chromatic alginate

Alginate is an impression material that is commonly used in dentistry. Alginate impression material is used to create an accurate negative model of the teeth and gums. Alginate impressions are typically taken of the maxillary and mandibular teeth.


Alginate is a natural polysaccharide derived from brown algae that is commonly used in dentistry for creating dental impressions. It is also used to make dental prosthetics, such as dentures and crowns. Alginate impression can be used for the fabrication of a primary cast in prosthodontics, study models in orthodontic, and duplication of casts.


Alginate is typically used in the form of a hydrogel in biomedicine, including wound healing, drug delivery and tissue engineering applications. Hydrogels are three-dimensionally cross-linked networks composed of hydrophilic polymers with high water content.


Alginate impression materials are termed “irreversible impression materials” because they will not reverse to the sol state once they react and become a gel. They have advantages and disadvantages similar to those of reversible hydrocolloid materials because both types of materials are predominantly water. Alginate materials are not as accurate as reversible hydrocolloid materials, but they are much easier to use.


It is important to choose the right alginate impression material for your needs.


There are two different types of which are,

  • fast setting (hardening time of 1–2 min)
  • normal setting (setting time between 2–5 min).


There is also another version of alginate called “chromatic alginate”, which has a colour changing phase indicator. This makes it much easier to get precise results, when you know for sure the hardening process is complete.


Alginate is available in both powder and liquid form. The powder form is mixed with water to create a putty-like material that can be easily moulded into the shape of the teeth. The liquid form is used to create a thin film that can be placed over the teeth.


What Is Alginate Composed Of? 


Alginate materials are often supplied as powders that are mixed with water.  The powder usually contains (roughly) potassium or sodium alginate (15%), calcium sulphate dehydrate (16%), zinc oxide (4%), potassium titanium fluoride (3%), diatomaceous earth (60%), trisodium phosphate (2%), colouring agents and flavouring agents.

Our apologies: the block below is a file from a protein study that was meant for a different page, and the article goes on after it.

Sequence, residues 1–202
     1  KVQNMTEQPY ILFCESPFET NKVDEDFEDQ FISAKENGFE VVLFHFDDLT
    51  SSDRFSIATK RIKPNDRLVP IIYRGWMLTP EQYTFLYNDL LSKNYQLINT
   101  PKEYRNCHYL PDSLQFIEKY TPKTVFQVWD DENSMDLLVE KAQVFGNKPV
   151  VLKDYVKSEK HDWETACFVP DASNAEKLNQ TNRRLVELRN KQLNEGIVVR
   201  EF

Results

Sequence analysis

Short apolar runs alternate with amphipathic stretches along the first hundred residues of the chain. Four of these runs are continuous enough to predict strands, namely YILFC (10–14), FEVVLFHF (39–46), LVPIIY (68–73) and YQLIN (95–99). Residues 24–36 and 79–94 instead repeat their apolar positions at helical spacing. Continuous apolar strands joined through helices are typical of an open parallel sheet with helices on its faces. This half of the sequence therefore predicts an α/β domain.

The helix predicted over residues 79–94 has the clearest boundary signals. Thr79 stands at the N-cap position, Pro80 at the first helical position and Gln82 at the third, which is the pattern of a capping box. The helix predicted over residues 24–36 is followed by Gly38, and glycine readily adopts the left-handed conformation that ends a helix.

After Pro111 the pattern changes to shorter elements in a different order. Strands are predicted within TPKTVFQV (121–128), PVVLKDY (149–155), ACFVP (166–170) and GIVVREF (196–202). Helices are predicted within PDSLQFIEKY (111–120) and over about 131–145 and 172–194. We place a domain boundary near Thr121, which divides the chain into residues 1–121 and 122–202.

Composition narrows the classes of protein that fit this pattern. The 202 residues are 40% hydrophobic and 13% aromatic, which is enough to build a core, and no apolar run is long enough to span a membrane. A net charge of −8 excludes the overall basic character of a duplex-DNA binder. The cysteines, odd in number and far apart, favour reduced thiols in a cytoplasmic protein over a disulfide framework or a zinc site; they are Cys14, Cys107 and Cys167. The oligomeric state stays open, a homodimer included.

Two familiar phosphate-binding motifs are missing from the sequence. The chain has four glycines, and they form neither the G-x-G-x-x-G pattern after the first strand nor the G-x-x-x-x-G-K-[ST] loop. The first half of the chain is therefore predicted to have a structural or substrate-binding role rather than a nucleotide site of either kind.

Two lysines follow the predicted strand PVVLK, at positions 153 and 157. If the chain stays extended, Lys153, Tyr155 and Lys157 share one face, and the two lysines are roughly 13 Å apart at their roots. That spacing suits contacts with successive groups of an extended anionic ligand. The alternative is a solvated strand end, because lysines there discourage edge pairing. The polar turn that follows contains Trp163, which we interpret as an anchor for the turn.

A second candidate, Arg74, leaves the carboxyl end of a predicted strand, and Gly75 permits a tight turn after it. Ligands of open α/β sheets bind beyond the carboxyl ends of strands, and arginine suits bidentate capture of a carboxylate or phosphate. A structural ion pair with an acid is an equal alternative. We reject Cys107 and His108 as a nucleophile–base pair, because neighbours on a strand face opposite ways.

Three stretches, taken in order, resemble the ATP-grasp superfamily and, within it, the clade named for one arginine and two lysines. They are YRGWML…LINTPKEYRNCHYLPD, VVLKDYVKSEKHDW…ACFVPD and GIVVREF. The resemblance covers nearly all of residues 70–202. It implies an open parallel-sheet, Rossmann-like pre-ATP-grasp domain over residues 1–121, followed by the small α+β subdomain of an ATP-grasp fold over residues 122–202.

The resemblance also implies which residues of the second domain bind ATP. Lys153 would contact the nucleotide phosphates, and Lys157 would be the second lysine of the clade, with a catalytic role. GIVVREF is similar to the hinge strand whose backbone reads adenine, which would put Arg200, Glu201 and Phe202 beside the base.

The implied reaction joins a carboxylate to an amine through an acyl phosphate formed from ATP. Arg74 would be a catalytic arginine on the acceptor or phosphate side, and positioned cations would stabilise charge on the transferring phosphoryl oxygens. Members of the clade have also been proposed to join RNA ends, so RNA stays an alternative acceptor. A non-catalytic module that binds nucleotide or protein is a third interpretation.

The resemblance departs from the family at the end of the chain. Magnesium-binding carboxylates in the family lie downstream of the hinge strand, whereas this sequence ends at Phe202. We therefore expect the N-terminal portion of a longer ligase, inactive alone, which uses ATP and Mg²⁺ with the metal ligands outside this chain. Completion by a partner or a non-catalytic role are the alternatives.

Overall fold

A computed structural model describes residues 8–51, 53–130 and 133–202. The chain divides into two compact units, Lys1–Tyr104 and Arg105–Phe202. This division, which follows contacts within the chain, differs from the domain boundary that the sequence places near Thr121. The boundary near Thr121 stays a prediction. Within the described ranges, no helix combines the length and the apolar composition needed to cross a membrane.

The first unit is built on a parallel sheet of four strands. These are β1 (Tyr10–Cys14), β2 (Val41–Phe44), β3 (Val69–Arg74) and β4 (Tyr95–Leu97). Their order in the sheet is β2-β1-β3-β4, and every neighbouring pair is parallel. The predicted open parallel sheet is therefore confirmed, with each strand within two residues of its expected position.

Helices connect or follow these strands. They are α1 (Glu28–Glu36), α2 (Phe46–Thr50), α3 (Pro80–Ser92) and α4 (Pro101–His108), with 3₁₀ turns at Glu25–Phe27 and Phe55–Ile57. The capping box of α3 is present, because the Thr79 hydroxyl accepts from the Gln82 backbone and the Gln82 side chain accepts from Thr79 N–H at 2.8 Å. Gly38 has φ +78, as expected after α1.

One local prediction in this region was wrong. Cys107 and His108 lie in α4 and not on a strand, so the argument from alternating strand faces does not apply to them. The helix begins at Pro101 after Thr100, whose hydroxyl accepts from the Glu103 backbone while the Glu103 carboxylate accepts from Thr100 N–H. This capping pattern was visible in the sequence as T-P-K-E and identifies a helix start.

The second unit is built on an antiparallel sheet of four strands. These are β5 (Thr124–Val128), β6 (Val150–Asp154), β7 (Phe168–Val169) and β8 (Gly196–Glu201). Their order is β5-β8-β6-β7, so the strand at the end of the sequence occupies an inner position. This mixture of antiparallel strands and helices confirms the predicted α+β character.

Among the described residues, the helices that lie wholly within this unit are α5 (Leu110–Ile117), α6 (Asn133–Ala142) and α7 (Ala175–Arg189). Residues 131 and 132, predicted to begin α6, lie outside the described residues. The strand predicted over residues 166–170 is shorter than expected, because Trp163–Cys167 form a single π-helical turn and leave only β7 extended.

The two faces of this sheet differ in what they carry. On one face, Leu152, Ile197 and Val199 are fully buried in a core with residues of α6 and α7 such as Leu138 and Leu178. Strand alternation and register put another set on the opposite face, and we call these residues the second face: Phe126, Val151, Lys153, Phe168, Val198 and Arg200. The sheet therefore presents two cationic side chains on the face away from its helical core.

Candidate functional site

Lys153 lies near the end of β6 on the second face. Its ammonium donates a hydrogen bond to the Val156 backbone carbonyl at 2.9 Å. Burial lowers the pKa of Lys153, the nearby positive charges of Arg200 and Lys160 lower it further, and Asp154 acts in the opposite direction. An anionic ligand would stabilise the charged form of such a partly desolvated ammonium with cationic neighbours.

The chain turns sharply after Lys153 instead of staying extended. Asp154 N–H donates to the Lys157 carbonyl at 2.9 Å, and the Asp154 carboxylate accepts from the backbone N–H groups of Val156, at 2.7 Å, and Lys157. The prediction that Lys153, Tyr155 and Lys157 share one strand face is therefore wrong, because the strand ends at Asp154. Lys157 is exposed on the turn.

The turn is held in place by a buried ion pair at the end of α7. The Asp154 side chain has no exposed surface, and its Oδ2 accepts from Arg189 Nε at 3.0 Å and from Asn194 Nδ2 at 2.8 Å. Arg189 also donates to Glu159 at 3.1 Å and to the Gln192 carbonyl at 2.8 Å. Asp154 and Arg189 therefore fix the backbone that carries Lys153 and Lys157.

It is a carbohydrate polymer that dissolves in water, forming a sol. Carboxylate groups (–COOH) react with calcium ions and cross-link the material to form a gel. The reaction is similar to that of polycarboxylate and glass ionomer cements.


In following proper infection prevention and control measures, an alginate impression must be disinfected prior to its laboratory process.  Using 12.5% Sodium hypochlorite is an efficient disinfection method for alginate impressions. However, most dental offices do not carry pre-diluted sodium hypochlorite mixtures and will commonly and more effectively use a hard surface disinfectant like these. The label of the hard surface disinfectant should be consulted to ensure proper contact times and allocated indications for use. 

On a health and safety note, some patients might ask, “what happens if you swallow dental alginate?”  On ingestion, no known significant effects or critical hazards exist.  All manufacturers of alginate material supply an SDS to ensure proper client and clinician safety.



  • Easy to manipulate
  • Comfortable for patient
  • Economical
  • Viscosity and setting time can be altered.
  • Hydrophilic nature allows small presence of water on the tissues without causing major inaccuracies in the impression.



  • Less accurate reproduction of details as compared with elastomeric impression materials (surface details and accuracies are poor)
  • Poor dimensional stability, and the retention of alginate to non-perforated trays is inadequate.
  • They are messy to work with
  • Distortion begins immediately after removal from the mouth.



Alginate is a vital dental material derived from brown algae, serving a pivotal role in capturing accurate impressions of teeth and gums. It finds application in prosthodontics, orthodontics, and biomedicine due to its hydrogel properties. While alginate offers ease of use, cost-effectiveness, and adaptability in setting times, it falls short in precision compared to elastomeric impression materials. Its poor dimensional stability and susceptibility to distortion upon removal from the mouth are notable drawbacks. Overall, alginate remains an essential tool in dentistry, balancing convenience with some limitations in accuracy and stability.


If you’re looking to purchase alginate material, maxill® is a reliable and cost-effective dental supplier. maxill provides all the materials and information you need to keep your practice growing.


For more information about impression materials, check out our other blog, Impression Taking Tips.